Kelsey Whitmore catches Staten Island FerryHawks

Scott Whitmore stood on the field last spring night watching the final innings of a Staten Island FerryHawks home game that ended when a New York City police officer approached him from a third base.

“After the game,” said the officer sadly, “do you think I can get your daughter’s autograph?”

Of course, Whitmore laughed, though he knew the acceptance line would be long. Aside from a few Yankee and Metz stars, the most famous New Yorker this summer may be Staten Island pioneering two-way player, Kelsey Whitmore.

Standing 5 feet 6 inches, with dark chestnut hair falling apart on its uniform number, it is impossible to err on the side of FerryHawks Dugout, warming up the pitch or signing autographs. It’s an extraordinary sight even in a league known for taking chances and pressing buttons.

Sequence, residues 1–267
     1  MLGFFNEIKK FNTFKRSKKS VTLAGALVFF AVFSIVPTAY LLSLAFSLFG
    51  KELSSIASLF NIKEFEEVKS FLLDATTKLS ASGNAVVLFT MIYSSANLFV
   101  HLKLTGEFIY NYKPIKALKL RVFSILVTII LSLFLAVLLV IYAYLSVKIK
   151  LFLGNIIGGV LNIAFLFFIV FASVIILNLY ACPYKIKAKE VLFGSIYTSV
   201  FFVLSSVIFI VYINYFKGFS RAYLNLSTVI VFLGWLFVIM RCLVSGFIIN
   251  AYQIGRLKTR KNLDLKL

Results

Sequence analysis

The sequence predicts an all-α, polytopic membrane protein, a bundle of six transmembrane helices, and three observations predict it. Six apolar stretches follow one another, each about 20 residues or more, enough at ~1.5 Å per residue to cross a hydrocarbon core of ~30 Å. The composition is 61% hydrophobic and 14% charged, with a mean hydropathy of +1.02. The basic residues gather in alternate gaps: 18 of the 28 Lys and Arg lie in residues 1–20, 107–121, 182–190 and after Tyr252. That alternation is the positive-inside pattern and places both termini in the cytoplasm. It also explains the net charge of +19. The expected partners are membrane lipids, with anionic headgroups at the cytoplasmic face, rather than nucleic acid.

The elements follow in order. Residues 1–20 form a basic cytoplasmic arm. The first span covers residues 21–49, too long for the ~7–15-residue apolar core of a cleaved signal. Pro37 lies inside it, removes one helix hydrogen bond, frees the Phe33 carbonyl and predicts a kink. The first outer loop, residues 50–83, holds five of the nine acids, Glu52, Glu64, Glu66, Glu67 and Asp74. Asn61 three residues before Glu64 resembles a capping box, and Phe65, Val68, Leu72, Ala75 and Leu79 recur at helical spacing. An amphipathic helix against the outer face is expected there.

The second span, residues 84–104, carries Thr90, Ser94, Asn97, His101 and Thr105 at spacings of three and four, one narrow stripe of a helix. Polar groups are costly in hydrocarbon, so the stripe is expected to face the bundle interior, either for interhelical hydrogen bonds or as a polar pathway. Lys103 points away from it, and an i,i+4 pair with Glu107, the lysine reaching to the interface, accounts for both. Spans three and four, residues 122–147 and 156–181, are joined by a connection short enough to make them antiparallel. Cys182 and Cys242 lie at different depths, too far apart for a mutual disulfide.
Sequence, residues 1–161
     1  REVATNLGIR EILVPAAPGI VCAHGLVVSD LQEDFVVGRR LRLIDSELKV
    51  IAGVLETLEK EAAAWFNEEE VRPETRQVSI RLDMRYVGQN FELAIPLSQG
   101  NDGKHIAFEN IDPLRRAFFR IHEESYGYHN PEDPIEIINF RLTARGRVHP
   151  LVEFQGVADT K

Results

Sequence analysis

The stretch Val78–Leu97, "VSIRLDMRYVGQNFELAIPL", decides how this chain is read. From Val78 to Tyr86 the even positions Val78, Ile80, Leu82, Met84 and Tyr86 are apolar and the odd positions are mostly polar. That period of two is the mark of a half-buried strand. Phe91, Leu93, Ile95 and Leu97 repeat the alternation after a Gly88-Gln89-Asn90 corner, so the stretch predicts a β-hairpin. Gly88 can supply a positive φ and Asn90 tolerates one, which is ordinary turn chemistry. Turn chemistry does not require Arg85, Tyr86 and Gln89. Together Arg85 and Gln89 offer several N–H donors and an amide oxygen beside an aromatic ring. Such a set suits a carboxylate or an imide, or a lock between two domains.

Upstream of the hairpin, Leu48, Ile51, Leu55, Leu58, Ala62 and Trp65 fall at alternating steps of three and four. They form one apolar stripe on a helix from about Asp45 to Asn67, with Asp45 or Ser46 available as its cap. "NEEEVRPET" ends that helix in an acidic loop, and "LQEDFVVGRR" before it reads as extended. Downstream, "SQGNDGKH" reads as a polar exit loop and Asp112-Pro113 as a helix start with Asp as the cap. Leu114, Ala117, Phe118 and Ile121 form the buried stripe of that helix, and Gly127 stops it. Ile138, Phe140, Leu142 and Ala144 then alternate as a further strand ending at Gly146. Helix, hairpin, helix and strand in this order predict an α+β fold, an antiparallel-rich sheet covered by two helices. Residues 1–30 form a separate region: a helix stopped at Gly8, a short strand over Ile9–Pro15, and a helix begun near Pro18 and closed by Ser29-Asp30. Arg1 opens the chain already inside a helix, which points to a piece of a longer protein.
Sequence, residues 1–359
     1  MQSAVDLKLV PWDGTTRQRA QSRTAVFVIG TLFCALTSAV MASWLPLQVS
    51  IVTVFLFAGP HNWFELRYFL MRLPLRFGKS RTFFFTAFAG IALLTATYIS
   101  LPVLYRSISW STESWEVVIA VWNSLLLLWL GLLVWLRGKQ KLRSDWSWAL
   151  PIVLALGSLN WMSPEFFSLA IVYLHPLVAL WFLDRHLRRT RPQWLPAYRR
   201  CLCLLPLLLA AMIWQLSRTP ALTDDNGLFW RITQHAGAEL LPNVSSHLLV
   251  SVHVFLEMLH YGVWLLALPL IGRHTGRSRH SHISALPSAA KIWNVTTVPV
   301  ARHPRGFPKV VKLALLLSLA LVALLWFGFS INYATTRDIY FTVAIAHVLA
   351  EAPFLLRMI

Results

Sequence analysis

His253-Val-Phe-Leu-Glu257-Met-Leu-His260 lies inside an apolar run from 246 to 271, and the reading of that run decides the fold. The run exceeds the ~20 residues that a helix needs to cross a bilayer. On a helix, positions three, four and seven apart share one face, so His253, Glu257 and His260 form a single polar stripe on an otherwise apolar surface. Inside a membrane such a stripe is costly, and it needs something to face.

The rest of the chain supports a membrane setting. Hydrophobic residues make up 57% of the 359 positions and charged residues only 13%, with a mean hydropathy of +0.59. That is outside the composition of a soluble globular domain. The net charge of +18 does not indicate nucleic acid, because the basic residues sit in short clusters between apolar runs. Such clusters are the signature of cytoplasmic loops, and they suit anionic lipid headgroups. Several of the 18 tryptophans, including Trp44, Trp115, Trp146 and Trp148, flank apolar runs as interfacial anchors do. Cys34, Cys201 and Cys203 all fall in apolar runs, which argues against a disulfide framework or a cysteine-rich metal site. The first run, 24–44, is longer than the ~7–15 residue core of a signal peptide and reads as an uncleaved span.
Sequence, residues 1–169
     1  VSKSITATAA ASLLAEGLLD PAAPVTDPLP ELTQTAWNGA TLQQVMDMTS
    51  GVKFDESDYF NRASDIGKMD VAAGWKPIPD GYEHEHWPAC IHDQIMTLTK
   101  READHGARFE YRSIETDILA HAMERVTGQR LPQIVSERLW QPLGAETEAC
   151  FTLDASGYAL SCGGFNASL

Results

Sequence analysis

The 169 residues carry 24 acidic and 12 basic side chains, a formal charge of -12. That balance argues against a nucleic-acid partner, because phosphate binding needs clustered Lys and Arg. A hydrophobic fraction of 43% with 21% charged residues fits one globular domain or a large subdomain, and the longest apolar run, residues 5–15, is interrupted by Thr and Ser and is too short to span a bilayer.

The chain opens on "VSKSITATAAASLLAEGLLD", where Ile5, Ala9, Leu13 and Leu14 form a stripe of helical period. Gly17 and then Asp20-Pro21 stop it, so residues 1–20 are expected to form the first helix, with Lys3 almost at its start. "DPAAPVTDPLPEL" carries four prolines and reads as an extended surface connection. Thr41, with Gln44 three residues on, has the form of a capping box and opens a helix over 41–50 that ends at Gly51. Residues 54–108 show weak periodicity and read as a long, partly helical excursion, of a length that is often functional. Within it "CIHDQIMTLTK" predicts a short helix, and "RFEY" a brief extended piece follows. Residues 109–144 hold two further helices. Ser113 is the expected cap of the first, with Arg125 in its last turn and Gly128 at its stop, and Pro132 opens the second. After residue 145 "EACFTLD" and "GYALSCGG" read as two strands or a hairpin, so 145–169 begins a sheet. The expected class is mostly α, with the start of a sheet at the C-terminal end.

The Atlantic Professional Baseball League, widely regarded as the highest level independent baseball league in the world, hosted former all-star Roger Clemens, Jose Kanseko and Ricky Henderson. But the woman never started playing in the Atlantic League and did not start either until Whitmore, who did both. She is the first woman to play in a league that has partnered with the Major League Baseball since Lee Ann Ketcham and Julie Crotto joined the Maui Stingrays of the Hawaiian Winter Baseball League in 1994.

This league was about the equivalent of a Class A minor league ball, while the Atlantic is considered to be closer to the AAA class, one step below the major leagues. Whitmore, 24, a former Fullerton’s softball star in Cal, is aspiring to play professional baseball.

For Whitmore, this is a return to normal. He played softball because that was the only way he could get a college scholarship. But he is – has always been – a baseball player and shares many characteristics. He lowers his hat, spins a 32.5 ounce bat, curses impulsively and reflexively spits.

His left forearm tattoo contains Filipino images – in honor of his mother’s heritage – including a set of crocodile teeth depicting an aggressive hunter hiding under a quiet, peaceful façade.

“It’s a symbol for me,” he said, “both as a person and as a player.”